In this autobiographical account, Holocaust survivor Elie Wiesel recounts his horrifying experiences at the Auschwitz and Buchenwald concentration camps.
Below are some reading passages that we have hand picked to supplement this book. Be sure to read the passage summaries and our suggestions for instructional use.
Holocaust survivor and storyteller Elie Wiesel is recognized as a leader in the fight for peace and human dignity.
Introduce this text before students begin reading the book, in order to provide information on Elie Wiesel as a Holocaust survivor, storyteller and leader in the fight for peace and human dignity. Ask students to take note of the events that significantly impacted Wiesel and to track any further details of these moments as they begin to read Night.
In “No Man Is an Island,” the speaker explains the interconnectedness of all humankind.
Have students read this poem after they have read Chapters 1 and 2, in order to explore the theme of collective identity and collective voice. In Donne’s poem, the speaker explains the interconnectedness of all humankind. Ask students to use their analysis of the poem to draw an interpretation of what it means for Elie to be part of a collective identity. In what ways does Elie’s community in Sighet function as a collective? Ask students to use both the book and the text to discuss the advantages and disadvantages of having a collective voice.
This informational text explains what the Holocaust was, who it affected, who carried it out, and how it ended.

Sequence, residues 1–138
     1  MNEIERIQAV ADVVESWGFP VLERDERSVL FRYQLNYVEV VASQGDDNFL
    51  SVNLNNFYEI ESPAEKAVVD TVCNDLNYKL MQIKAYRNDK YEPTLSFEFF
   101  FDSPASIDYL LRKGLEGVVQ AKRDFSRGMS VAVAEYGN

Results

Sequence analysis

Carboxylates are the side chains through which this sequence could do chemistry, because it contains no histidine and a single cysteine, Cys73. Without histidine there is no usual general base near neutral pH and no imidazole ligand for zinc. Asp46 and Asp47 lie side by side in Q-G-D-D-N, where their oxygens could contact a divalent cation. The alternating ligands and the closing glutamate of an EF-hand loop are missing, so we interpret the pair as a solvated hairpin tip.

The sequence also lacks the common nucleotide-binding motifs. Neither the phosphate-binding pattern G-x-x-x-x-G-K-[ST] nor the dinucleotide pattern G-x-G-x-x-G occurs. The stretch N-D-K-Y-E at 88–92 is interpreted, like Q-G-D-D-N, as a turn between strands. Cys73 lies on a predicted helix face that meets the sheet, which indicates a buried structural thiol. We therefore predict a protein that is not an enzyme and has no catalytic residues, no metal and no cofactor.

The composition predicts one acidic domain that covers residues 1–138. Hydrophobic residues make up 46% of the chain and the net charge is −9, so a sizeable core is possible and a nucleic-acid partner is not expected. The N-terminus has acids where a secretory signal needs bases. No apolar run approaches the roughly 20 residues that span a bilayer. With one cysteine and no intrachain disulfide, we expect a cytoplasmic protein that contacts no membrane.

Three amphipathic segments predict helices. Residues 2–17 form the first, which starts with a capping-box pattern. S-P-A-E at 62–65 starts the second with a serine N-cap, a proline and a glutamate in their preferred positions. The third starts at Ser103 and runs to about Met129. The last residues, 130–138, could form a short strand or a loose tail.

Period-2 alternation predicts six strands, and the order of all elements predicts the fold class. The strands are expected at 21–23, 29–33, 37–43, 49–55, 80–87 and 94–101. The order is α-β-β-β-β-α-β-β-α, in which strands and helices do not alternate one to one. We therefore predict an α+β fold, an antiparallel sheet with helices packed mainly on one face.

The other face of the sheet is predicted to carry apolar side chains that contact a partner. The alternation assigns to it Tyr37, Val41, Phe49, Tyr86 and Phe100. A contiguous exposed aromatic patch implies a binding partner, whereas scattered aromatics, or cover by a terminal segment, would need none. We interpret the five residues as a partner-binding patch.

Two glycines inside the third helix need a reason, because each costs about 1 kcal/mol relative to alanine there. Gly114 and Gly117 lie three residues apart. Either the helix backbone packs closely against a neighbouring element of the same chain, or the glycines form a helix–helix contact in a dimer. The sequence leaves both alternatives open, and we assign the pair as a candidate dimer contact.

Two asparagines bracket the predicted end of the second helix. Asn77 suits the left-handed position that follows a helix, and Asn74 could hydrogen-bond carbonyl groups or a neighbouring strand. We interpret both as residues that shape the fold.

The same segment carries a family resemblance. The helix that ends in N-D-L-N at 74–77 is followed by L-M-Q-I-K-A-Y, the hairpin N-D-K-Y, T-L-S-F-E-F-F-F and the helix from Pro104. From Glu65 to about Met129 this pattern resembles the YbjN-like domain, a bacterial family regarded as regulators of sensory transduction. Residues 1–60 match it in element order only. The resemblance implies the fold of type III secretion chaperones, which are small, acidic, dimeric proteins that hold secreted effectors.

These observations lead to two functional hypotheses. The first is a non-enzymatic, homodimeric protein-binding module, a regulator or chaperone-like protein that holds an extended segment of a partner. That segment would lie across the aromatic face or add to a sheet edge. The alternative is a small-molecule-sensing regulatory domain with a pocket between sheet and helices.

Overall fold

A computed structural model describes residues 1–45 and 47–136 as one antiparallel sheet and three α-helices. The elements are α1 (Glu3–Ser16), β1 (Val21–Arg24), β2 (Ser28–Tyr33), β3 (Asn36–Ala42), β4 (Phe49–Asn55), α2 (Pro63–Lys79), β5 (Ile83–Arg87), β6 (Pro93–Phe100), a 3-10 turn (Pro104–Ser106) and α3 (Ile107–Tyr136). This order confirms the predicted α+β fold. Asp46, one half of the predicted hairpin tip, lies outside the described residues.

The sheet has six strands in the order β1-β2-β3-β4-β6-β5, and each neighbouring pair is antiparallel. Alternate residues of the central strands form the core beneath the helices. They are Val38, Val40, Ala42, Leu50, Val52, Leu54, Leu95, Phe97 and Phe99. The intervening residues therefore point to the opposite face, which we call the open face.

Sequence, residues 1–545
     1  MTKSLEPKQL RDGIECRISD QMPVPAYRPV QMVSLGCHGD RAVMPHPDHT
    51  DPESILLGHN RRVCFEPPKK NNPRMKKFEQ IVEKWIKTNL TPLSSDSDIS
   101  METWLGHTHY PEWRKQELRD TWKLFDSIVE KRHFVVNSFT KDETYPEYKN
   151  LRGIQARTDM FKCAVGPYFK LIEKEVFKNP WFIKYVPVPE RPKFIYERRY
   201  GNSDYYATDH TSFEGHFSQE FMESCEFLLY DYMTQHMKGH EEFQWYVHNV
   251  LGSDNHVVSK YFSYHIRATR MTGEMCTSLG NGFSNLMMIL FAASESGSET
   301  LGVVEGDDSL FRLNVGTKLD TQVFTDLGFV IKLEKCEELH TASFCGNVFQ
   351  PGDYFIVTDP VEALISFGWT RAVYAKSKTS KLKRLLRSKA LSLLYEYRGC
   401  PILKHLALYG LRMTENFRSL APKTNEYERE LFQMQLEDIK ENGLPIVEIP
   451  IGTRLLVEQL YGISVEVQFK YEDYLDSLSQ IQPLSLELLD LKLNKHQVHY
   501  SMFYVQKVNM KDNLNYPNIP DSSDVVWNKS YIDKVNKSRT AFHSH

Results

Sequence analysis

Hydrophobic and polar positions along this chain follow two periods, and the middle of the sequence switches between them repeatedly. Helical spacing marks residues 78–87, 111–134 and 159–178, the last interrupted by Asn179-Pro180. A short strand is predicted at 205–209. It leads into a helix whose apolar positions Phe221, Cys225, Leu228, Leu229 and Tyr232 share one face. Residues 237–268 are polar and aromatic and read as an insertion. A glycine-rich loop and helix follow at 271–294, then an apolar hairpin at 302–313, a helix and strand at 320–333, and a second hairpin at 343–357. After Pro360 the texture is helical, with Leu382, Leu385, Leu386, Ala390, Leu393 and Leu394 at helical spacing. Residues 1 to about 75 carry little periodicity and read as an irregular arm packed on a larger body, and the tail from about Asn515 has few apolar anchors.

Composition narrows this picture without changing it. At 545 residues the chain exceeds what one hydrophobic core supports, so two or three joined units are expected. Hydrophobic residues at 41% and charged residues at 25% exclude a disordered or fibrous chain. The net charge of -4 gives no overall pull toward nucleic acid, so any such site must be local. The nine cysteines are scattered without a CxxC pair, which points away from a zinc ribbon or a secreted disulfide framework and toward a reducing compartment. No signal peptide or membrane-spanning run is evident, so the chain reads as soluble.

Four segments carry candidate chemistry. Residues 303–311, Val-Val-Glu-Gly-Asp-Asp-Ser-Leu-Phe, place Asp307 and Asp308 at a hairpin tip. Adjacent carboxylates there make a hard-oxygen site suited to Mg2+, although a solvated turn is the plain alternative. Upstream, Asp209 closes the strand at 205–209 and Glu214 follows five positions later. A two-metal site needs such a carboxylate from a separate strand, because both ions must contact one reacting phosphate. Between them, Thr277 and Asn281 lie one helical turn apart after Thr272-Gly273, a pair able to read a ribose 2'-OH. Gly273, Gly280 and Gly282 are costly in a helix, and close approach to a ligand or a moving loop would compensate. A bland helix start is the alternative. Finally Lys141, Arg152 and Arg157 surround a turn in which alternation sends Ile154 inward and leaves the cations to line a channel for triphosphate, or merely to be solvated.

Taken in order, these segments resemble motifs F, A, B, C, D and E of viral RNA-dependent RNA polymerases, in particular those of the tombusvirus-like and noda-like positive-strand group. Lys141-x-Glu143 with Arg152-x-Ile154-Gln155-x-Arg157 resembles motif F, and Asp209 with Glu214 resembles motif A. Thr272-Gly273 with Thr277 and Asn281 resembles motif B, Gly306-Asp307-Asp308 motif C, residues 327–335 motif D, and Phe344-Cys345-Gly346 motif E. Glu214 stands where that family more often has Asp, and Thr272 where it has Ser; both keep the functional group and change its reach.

Introduce this text before students read Chapter 3 — after Elie, his family and other Jews turn up at Birkenau — in order to provide background information on the Holocaust. Have students discuss the different factors that were behind the Holocaust. Why were Elie and his family rounded up and taken to Birkenau? What were the devastating results of the Holocaust?
The informational text “Auschwitz” details the treatment and use of prisoners in the three main Auschwitz concentration camps.
Have students read this informational text after they have read Chapter 3, and learned about Elie’s first three weeks at the camp. Introduce the text in order to provide further details on the treatment and use of prisoners in the three main Auschwitz concentration camps. Ask students to compare and contrast Elie’s personal experiences with the details in the article. What kind of details does Elie’s personal account provide? What kind of facts does the article collect that a young Elie would not have been aware of at the time?
In “I Am Offering This Poem,” a speaker offers the only thing they have: a poem and their love.
Introduce this poem after students have read through Chapter 4, in order to discuss themes of love and sacrifice through a cross-text analysis. In Baca’s poem the speaker offers the only things they have: the poem and their love. In Night, all Elie has is his father, and he gives up the only thing he has to spare his father from further beatings. Pair the book with “I Am Offering This Poem” and ask students to use the poem's imagery to compare and contrast themes on the saving grace of love. How does Elie demonstrate his love? What sacrifices does he make on the basis of the love he has for his father?